Gartner has updated its forecasts on IT spend worldwide: spend in areas like hardware, software, and IT services are going to drive total investment of $3.6 trillion into IT overall. Gartner calls that number “lackluster,” in that it’s only slightly higher than Gartner projected last month, and only three percent more than 2011’s $3.5 trillion figure. However, what’s noticeable is that we are continuing to see a strong appetite for cloud computing. It will reach $109 billion in 2012 and will almost double in value by 2016 to $209 billion.
The survey canvases activity from over 75 percent of Gartner’s Global 500 list of top companies, and the analysts say that factors that are hemming in growth include the eurozone crisis, a slowdown in China and a weaker-than-expected recovery in the U.S. — all ongoing issues for the world economy. “There has been little change in either business confidence or consumer sentiment in the past quarter, so the short-term outlook is for continued caution in IT spending,” notes Richard Gordon, research vice president at Gartner, in the report.
Gartner’s forecasts do not include consumer spending on cloud services — a significant market that has been propelled by the rise of media-friendly but storage-shy smartphones and tablets, as well as better networks. That area is growing, too: back in March, Gartner predicted that by the end of next year (2013) more than 90 percent of all connected consumer devices will have cloud services integrated into them. Consumers, it says, will spend $2.2 trillion on digital technology products this year.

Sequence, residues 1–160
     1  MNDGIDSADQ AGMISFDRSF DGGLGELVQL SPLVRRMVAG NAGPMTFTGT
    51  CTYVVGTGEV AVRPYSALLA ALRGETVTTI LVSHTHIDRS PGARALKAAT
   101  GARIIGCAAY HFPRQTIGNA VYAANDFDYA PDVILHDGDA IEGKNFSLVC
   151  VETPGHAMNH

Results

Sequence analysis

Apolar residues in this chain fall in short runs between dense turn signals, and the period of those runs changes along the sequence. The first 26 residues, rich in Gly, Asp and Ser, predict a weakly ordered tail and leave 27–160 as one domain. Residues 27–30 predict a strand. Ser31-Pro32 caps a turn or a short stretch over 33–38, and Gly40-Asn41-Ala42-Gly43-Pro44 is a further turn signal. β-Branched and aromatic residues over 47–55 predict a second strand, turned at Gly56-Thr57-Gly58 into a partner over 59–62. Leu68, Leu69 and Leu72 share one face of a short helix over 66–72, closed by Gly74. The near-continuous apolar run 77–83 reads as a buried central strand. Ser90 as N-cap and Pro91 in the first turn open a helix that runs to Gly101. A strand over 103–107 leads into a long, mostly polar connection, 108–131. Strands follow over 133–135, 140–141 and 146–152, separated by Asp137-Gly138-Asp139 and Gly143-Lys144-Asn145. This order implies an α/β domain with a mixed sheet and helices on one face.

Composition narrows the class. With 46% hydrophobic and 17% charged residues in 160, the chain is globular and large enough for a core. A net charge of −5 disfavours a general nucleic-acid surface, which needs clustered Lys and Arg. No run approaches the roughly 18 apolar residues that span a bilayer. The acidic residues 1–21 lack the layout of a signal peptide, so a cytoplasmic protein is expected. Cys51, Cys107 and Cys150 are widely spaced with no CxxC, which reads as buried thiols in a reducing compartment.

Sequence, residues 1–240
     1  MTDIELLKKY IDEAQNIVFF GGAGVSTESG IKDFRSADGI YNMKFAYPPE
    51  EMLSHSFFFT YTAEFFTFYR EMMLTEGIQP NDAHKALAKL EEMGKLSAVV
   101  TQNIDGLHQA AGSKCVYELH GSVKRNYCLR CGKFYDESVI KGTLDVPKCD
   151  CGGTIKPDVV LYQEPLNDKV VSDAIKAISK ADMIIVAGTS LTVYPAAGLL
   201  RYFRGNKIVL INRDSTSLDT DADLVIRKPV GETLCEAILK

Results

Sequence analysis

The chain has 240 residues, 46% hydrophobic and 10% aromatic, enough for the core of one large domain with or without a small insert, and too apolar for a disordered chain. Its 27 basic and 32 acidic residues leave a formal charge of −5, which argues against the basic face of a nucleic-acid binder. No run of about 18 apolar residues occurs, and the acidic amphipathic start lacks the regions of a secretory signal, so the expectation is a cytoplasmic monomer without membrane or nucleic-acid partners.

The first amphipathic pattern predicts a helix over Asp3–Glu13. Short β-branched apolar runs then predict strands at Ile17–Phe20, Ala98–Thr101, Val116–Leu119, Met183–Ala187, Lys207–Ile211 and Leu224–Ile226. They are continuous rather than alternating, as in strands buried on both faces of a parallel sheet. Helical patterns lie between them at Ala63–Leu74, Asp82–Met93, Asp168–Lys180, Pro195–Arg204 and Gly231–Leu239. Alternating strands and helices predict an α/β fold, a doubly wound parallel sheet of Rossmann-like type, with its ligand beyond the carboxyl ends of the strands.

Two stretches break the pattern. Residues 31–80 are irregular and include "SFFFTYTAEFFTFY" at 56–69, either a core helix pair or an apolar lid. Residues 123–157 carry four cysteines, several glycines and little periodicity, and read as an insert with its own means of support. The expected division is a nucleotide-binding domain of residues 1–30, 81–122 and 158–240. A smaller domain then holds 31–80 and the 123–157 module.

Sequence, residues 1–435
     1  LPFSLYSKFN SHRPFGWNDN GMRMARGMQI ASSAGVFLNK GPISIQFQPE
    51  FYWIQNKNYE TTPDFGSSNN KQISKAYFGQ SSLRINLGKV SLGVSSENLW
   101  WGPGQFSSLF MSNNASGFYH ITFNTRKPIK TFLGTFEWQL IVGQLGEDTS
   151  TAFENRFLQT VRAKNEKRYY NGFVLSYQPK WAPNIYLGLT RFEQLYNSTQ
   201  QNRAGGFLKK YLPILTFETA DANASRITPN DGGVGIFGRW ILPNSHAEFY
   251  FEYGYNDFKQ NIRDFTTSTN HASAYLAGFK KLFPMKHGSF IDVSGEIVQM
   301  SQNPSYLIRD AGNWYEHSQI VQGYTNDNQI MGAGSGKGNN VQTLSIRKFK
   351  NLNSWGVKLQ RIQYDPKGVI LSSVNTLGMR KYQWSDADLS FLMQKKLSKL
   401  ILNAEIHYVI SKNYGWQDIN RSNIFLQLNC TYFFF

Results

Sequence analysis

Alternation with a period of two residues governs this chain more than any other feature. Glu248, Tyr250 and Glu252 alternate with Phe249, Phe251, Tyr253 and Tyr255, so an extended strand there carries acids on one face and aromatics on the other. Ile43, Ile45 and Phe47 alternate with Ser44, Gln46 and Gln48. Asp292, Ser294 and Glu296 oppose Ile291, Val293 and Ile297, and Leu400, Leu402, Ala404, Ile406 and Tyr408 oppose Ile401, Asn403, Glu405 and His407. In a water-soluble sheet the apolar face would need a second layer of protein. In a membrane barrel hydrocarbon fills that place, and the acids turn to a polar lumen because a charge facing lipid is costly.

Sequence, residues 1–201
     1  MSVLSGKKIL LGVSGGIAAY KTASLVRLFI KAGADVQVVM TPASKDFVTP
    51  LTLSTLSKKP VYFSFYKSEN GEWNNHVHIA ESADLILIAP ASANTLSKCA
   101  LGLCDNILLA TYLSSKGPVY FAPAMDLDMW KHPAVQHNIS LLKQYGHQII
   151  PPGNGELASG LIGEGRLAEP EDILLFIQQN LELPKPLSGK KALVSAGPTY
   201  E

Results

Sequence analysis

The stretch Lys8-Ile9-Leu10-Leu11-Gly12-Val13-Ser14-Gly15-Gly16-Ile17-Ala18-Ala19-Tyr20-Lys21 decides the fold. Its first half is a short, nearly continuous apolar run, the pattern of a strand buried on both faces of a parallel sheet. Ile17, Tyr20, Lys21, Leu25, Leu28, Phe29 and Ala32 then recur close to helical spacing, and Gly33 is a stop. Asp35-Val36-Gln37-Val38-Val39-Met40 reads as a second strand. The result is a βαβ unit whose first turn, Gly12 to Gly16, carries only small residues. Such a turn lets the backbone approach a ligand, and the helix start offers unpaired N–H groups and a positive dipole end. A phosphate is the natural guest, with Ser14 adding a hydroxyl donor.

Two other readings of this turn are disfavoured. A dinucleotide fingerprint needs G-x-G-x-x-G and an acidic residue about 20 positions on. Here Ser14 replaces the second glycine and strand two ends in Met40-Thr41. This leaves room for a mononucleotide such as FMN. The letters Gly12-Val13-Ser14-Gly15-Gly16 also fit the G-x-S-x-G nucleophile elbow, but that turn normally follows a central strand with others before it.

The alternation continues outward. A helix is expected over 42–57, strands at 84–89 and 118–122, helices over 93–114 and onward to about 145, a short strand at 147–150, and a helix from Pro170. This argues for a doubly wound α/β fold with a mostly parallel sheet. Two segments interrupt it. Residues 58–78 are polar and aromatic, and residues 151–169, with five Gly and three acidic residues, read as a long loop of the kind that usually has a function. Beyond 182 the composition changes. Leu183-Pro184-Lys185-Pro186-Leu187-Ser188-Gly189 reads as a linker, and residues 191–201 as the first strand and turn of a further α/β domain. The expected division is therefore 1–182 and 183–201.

Key names in the consumer segment include Apple’s iCloud, Dropbox and Box, with the latter selling storage services direct to consumers as well as in bundles with other consumer products like mobile devices. Meanwhile, popular streaming media apps like Spotify not only drive consumer usage of cloud services but also increased enterprise spend for Spotify to enable the services to exist.
While cloud services are, relatively speaking, still only a small part of all enterprise IT spend — that $109 billion is only three percent of $3.6 trillion — it’s one of the faster-growing segments, says Gartner.
In the enterprise segment, Gartner says that the “vast majority” of cloud investment will be in the area of business process as a service — for example billing systems that run in the cloud — but it notes that areas that are actually growing faster right now are software as a service, and infrastructure as a service — with the latter including not just storage but the replacement of equipment that was traditionally on a customers’ premises, such as a phone service (this is an area where companies like Skype and Twilio have the chance to be particularly disruptive).
Gartner — which itself makes money on consulting services — says that services like consulting will drive IT services spend to $864 billion this year, up by only 2.3 percent from 2011. It notes that consulting is less about business strategy today than it is about technology, driven by the need to make better sense of how to harness analytics and big data innovations.
And although there are Skypes, Twilios, Rebtels and more looking to upset the carriers’ apple cart, their portion of IT spend remains the largest: it will account for nearly $1.7 trillion of IT spend, although it will also be growing the slowest this year: